22 Hilkiah and the four other men left right away and went to talk with Huldah the prophet. Her husband was Shallum,[f] who was in charge of the king’s clothes. Huldah lived in the northern part of Jerusalem, and when they met in her home, 23 she said:
You were sent here by King Josiah, and this is what the Lord God of Israel says to him: 24 “Josiah, I am the Lord! And I intend to punish this country and everyone in it, just as this book says. 25 The people of Judah and Israel have rejected me. They have offered sacrifices to foreign gods and have worshiped their own idols. I can’t stand it any longer. I am furious.
26-27 “Josiah, listen to what I am going to do. I noticed how sad you were when you heard that this country and its people would be completely wiped out. You even tore your clothes in sorrow, and I heard you cry. 28 So before I destroy this place, I will let you die in peace.”
The men left and reported to Josiah what Huldah had said.
Josiah Reads The Book of God’s Law
29 King Josiah called together the leaders of Judah and Jerusalem. 30 Then he went to the Lord’s temple, together with all the people of Judah and Jerusalem, the priests, and the Levites.
Finally, when everybody was there, he read aloud The Book of God’s Law[g] that had been found in the temple.
31 After Josiah had finished reading, he stood in the place reserved for the king. He promised in the Lord’s name to faithfully obey the Lord and to follow his laws and teachings that were written in the book. 32 Then he asked the people of Jerusalem and Benjamin to make that same promise and to obey the God their ancestors had worshiped.
33 Josiah destroyed all the idols in the territories of Israel, and he commanded everyone in Israel to worship only the Lord God. The people did not turn away from the Lord God of their ancestors for the rest of Josiah’s rule as king.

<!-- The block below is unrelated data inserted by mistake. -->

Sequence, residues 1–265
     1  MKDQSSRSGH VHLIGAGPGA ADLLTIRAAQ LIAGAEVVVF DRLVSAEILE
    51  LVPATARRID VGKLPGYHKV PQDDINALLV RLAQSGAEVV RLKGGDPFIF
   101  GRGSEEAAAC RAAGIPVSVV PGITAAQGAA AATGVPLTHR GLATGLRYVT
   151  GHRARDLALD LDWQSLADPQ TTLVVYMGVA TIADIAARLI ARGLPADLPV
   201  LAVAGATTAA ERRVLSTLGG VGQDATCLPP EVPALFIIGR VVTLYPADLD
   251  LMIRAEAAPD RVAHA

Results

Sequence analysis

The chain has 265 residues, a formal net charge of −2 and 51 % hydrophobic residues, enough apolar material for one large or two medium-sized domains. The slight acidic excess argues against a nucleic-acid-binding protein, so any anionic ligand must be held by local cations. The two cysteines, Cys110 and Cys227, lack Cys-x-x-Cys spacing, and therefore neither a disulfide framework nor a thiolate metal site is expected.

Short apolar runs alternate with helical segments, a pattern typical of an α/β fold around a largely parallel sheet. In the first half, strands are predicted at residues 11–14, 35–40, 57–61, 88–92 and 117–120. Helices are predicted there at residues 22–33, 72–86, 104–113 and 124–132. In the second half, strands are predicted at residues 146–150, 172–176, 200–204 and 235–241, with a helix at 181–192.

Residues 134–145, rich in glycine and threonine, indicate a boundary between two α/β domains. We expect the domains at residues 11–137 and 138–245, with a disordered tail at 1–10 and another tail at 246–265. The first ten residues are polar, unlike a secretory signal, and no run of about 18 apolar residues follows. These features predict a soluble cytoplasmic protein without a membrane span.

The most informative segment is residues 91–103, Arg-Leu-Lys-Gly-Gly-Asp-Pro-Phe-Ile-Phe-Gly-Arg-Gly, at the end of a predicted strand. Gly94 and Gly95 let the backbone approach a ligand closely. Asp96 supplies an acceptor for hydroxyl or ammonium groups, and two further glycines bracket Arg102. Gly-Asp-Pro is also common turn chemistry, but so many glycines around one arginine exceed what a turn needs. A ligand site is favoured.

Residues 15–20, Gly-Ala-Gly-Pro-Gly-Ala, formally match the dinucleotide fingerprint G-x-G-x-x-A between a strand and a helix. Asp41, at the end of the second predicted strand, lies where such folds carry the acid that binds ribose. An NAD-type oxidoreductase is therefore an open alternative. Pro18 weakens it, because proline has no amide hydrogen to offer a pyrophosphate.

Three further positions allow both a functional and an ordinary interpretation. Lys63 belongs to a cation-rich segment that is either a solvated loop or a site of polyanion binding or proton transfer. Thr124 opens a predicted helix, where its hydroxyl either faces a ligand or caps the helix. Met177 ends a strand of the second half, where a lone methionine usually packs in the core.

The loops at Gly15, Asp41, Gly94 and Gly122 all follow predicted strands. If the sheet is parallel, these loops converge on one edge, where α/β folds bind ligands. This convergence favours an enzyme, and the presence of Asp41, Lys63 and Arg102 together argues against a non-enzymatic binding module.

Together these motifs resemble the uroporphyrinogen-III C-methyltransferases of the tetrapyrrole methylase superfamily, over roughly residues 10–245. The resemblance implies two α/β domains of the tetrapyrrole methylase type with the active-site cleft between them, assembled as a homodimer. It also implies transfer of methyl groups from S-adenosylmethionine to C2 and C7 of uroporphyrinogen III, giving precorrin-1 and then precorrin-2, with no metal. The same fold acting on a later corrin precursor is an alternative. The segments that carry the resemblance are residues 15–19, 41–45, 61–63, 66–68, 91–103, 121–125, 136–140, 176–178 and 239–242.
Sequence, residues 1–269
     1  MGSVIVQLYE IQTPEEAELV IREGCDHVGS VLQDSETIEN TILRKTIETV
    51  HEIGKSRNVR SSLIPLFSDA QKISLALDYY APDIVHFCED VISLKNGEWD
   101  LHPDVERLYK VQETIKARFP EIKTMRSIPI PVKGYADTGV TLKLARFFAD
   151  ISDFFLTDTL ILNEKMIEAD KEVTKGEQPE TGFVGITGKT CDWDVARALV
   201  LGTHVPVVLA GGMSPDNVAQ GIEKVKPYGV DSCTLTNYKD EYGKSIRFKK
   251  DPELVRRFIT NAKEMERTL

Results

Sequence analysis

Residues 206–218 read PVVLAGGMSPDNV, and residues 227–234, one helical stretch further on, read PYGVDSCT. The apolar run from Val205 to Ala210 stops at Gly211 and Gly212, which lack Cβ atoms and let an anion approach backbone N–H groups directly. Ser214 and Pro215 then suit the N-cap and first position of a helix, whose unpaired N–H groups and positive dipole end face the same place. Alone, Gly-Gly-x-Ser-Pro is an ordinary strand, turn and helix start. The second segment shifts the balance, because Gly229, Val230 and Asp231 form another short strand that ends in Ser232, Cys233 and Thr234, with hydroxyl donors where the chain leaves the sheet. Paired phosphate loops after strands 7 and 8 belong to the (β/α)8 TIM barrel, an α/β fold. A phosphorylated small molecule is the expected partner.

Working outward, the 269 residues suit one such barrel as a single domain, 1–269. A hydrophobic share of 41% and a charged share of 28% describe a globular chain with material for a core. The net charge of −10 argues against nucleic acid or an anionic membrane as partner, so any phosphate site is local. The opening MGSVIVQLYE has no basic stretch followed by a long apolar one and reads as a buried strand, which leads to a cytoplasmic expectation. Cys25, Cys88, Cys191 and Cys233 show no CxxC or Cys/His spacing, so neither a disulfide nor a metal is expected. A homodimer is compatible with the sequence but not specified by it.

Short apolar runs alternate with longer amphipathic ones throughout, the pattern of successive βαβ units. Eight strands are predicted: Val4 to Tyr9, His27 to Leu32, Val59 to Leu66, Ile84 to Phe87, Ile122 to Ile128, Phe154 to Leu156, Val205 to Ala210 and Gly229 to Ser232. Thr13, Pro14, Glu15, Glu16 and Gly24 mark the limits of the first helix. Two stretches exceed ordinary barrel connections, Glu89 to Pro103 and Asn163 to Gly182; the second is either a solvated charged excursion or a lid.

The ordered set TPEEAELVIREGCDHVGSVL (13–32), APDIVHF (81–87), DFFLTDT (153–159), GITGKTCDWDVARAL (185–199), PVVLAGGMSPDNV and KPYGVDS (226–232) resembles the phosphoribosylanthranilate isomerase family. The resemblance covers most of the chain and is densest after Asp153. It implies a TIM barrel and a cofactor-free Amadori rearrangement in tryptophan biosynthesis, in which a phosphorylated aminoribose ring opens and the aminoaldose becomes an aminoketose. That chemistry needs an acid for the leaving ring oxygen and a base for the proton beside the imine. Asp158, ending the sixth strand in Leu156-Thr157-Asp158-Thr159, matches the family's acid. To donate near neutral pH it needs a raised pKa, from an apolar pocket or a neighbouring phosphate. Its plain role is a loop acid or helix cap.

Passover Is Celebrated
35 Josiah commanded that Passover be celebrated in Jerusalem to honor the Lord. So, on the fourteenth day of the first month,[h] the lambs were killed for the Passover celebration.
2 On that day, Josiah made sure the priests knew what duties they were to do in the temple. 3 He called together the Levites who served the Lord and who taught the people his laws, and he said:
No longer will you have to carry the sacred chest from place to place. It will stay in the temple built by King Solomon son of David, where you will serve the Lord and his people Israel. 4 Get ready to do the work that David and Solomon assigned to you, according to your clans. 5 Divide yourselves into groups, then arrange yourselves throughout the temple so that each family of worshipers will be able to get help from one of you.[i] 6 When the people bring you their Passover lamb, you must kill it and prepare it to be sacrificed to the Lord. Make sure the people celebrate according to the instructions that the Lord gave Moses, and don’t do anything to make yourselves unclean and unacceptable.
7 Josiah donated thirty thousand sheep and goats, and three thousand bulls from his own flocks and herds for the people to offer as sacrifices. 8 Josiah’s officials also voluntarily gave some of their animals to the people, the priests, and the Levites as sacrifices. Hilkiah, Zechariah, and Jehiel, who were the officials in charge of the temple, gave the priests twenty-six hundred sheep and lambs and three hundred bulls to sacrifice during the Passover celebration. 9 Conaniah, his two brothers Shemaiah and Nethanel, as well as Hashabiah, Jeiel, and Jozabad were leaders of the Levites, and they gave the other Levites five thousand sheep and goats, and five hundred bulls to offer as sacrifices.